The students thought they were on their way to the top selling these alarm systems in Fresno. They spent all summer knocking on doors, hoping to win the grand prize. Before the summer was up they realized not only had customers been scammed, they had too.
"What's up brother?"
These college students are meeting for the first time in months to retell their summer ordeal that began with a slick pitch.
"If you dream"
"of becoming rich"
"star on a reality show and win one million dollars."
The promises began at colleges in Arizona, and then continued through the Golden State.
The dream deal would end in Utah with broken spirits and broken backs, so to speak.
For many students it began at Arizona State University.
Tyler Heald, Arizona State Student: "This guy came up to me in the cafeteria, handed me a flyer and said, hey do you want to be on TV?"
Suffian Hamdan, Arizona State Student:
"They had this big display of like that says the prodigy and there was like music and a whole bunch of people out there cheering it up and stuff."
Students from around the country were invited to try out for a new reality show called "The Prodigy".
"Why am I the prodigy, because I'm the best salesman here and I have a great personality."
As many as 2000 students were selected to compete for a million dollar prize.
"That's the reason I got pumped up, that's the reason I went out a week early was because I'm like I want to be the best, I want to get a head start on all these guys, all these other schmos."
With shooting set to begin, students fanned out across the country.
Some ended up in Northwest Fresno crammed into these Heron Pointe Apartments, six to a room, each paying 100 dollars a week.
The first day of filming, no photographers showed up, no cameras.
"We didn't see a camera once, the whole summer."
The job they had to tackle, selling home alarms in Fresno and the Bay Area.
"Door to door sales, four grueling months all, going head to head for the grand prize of 1 million dollars."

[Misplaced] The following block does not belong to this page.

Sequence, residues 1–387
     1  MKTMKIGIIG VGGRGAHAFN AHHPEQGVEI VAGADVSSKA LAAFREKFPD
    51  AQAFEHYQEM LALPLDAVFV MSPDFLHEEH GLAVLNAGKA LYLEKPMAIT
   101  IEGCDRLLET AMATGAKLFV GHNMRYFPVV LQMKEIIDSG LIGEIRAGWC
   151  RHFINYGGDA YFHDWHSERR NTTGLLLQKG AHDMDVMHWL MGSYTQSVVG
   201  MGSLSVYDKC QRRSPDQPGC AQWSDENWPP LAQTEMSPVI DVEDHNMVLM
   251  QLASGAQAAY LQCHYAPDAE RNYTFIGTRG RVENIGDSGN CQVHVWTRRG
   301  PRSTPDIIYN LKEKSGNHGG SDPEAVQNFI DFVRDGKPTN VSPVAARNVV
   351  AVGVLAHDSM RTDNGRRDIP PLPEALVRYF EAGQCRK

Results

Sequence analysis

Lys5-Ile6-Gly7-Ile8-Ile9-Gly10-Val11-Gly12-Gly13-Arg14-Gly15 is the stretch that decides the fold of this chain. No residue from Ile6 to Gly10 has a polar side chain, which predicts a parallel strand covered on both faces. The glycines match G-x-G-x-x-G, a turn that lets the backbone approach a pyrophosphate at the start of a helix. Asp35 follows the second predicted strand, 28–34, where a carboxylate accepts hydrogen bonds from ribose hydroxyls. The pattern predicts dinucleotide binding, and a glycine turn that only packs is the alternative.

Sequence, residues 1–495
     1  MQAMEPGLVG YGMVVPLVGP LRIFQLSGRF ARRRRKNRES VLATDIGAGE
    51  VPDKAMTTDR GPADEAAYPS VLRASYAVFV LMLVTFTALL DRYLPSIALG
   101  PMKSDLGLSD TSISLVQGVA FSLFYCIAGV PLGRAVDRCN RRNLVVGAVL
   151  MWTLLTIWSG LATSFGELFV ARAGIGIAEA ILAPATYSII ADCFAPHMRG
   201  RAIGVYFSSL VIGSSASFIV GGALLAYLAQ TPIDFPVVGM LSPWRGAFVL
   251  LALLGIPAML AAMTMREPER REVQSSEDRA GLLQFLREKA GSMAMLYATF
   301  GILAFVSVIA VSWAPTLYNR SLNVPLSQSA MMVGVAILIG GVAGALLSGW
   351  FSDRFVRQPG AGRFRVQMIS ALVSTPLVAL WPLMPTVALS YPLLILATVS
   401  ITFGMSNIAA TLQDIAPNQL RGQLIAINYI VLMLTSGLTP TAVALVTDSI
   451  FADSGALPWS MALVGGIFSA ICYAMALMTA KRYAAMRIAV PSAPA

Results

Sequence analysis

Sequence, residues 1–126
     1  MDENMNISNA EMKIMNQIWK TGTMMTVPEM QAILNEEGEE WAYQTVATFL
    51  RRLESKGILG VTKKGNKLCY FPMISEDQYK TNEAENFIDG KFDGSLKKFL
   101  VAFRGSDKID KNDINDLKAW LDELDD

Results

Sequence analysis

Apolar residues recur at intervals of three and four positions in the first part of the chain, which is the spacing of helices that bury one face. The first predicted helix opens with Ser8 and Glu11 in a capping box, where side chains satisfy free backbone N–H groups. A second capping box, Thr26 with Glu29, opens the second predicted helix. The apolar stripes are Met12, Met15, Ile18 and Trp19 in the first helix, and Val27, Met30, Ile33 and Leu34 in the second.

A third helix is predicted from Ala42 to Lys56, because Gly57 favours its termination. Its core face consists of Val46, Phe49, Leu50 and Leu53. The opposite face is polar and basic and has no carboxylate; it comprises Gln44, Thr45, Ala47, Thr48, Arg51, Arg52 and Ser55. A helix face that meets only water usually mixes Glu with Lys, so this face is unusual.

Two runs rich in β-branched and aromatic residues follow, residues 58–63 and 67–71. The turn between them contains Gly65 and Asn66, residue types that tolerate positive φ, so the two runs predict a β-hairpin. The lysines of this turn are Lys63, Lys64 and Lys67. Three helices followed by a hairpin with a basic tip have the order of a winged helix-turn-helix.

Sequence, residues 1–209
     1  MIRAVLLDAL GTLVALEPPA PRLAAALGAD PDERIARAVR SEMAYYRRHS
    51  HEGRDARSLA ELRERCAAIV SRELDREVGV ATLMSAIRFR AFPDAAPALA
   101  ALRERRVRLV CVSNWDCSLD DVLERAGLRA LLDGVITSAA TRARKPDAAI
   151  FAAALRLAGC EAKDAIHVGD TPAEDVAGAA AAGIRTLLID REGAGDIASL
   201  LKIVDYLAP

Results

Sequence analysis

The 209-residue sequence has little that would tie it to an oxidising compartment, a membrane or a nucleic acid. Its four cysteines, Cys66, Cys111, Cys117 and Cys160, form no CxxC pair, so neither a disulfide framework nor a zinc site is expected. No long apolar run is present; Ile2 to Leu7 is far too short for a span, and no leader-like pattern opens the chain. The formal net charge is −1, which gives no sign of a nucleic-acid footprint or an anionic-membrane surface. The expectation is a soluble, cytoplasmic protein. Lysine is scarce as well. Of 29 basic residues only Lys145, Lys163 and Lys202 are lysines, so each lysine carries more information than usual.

Colin Greenbauer, Arizona State Student: "We'd pile into vans and they'd drop us in communities we'd never been in before."
We were told to tell people we were not salespeople, we were going to provide them a free home security system."
Consumers like 88 year old Aileen Spann of Fresno got caught up in the conspiracy.
Aileen Spann, Fresno Resident: "I think it's ridiculous, I feel really scammed. I've been lied to. It doesn't say anything about them not having a technician on duty all the time. What good does it do if they're not going to be here when I need them."
Fresno resident Tracy Tiscareno says she was conned too.
Tracy Tiscareno, Fresno Resident: "He really layed it on thick. They were really trained really really good to pull the smoke over your eyes."
Yard signs advertising the company are still stuck in their lawns, an agreement made in exchange for the supposed free alarm system.
Turns out it was the most expensive security Tiscareno ever paid for.
"We got charged not once, not twice but three times in the same month."
The alarms being sold were from a company called Firstline Security out of Orem Utah. Four weeks ago they cleared out corporate headquarters and filed for bankruptcy.
Cindy Sullivan is the Firstline Customer Service Director. She insists the students were not told to lie, or cheat to generate business.
Cindy Sullivan, Firstline Security: "We are founded on principles of honesty and integrity and the systems we sell have value and you don't need to lie."
In the past twelve months the Better Business Bureau has received 282 customer complaints against Firstline. 14 of the complaints came from the Central Valley.
Many filing complaints reported the systems never working, being overcharged, and unable to reach technicians to fix the problems.
Better Business Bureau executives say a simple phone call could've saved many consumers a huge headache.
Cindy Dudley, Better Business Bureau: "If they had come to us to check on the company they would have found that we already had an unsatisfactory record on the company and it would've given them the information to make an educated decision on who they should do business with."
In the end, it seems those on the selling and receiving end both feel really ripped off.
"We would take perfectly good systems out of people's houses and put in our crap."
"And they took advantage of quality individuals not just in Fresno and Concord and here, all over the country."
As it turns out, company representatives from Firstline say no one won a million dollars.
When the prodigy producer was contacted by phone, he told us the reality show was real. That it has not been aired but someone won. He would not say who.